Since Malcolm McLean invented and patented the shipping container in 1956, they have revolutionized the logistics industry. Today, over 90 percent of all goods sold worldwide have been transported using one decedent or another of Malcolm's original design.

Here, we will examine the most popular types of shipping containers in use today and explain what distinguishes them.

Container on a trailer.

The Top 10 Common Types of Containers for Transport

  1. Dry storage container

Also known as general-purpose containers, dry storage containers are what most people think of when they picture a shipping container. Commonly found in 20—or 40-foot lengths, they have a set of swinging doors on the end to allow loading and unloading and provide excellent protection.

  1. Flat rack container

The second most popular type of shipping container today is the flat rack container. These are heavy flatbeds with walls at each end. Some may have collapsible or detachable side panels. They are mostly open and ideal for large, oddly shaped cargo such as heavy equipment, steel coils, or vehicles.

  1. Open-top container

An open-top container is a dry storage unit with a convertible top. Moving the roof out of the way makes it possible to load taller-than-normal items with a crane or rolling bridge. They come with large lashing rings mounted along the top and bottom rails that can be used to secure cargo properly.

  1. Open-side storage container

Open-side containers have grown in popularity for transporting goods and for many other uses. In addition to doors on the end, double doors on the side swing out of the way to allow access to almost the entire container length. This allows larger equipment to be used for loading and unloading the container and allows easier access to the stored cargo.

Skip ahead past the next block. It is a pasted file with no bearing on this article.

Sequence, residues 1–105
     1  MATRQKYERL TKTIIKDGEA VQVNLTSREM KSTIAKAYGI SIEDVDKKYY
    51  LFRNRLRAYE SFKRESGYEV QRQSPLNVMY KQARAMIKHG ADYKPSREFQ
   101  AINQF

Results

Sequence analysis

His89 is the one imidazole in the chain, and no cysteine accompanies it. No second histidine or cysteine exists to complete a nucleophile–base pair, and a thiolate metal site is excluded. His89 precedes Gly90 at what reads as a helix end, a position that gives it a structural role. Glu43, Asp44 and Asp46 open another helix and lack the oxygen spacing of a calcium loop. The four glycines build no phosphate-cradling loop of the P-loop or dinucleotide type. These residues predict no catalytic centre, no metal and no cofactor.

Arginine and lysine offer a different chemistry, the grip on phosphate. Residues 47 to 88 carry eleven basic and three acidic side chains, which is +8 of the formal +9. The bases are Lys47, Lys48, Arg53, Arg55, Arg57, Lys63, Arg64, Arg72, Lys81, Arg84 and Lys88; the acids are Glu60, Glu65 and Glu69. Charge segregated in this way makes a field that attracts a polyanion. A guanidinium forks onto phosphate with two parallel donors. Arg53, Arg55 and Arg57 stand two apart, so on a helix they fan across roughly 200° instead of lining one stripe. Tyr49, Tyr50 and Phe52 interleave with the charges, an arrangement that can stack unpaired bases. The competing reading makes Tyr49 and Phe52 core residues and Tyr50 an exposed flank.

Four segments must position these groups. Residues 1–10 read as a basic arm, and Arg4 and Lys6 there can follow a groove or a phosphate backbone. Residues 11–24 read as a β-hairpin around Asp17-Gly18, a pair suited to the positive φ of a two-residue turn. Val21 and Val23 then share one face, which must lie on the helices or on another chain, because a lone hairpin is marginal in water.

1. Double-door (tunnel) containers

As the name implies, double-door containers have doors on both ends, forming a tunnel when both sets are open. This makes them easier to load and unload and allows them to be compartmentalized, with different users or purposes on each end.

  1. High cube container

High-cube containers are almost identical to dry storage shipping containers except for one respect. They are one foot taller. This makes them ideal for lighter cargos with greater bulk, as they can utilize the added space without exceeding legal weight limits. Some have a gooseneck recess at the front, allowing them to be built taller but lie lower.

  1. Half-height containers

We have half-height containers moving in the opposite direction from the high cube. As their name states, these are only half as tall as general-purpose shipping containers. Their primary use today is for containerized bulk cargo like coal and stone. They can be moved with standard spreaders and hauled on regular trucks.

  1. ISO Reefer container

ISO refrigerated shipping containers rely on an external power source to run their cooling units. These specialized shipping containers transport perishable products such as fruits, vegetables, medications, and meat that higher temperatures could damage. They are typically constructed of weathering steel commonly referred to by the trademarked name "Cor-ten."

  1. Insulated shipping containers

For example, reefer and insulated shipping containers use a mechanical compressor unit similar to a heat pump to maintain a more constant temperature during transit. Some of these shipping containers are constructed of foam and steel sandwich panels. Still, most are made like vacuum flasks for superior insulating properties and lower operation costs.

  1. ISO Tank containers

Tankers are an entire class of transport containers that can vary widely depending on their intended cargo. LPG and milk have vastly different needs. Generally, these shipping containers are constructed of heavy gauge, anti-corrosive steel. However, aluminum may be used for certain cargo types. Because of the nature of liquids, there are special regulations regarding shipping liquids. They must be at least 80 percent full to avoid weight surges caused by sloshing. At the same time, they cannot be over 95 percent full to allow for thermal expansion. Some types of tanker cargo require specific pressure relief safety equipment.

Shipping containers have been with us for almost seven decades. Our list shows that many specialized container types have been developed to serve the shipping industry's needs better. Regardless of what tomorrow may hold, you can rest assured that logistics companies will continue to evolve the lowly shipping container to meet their clients' ever-changing needs.

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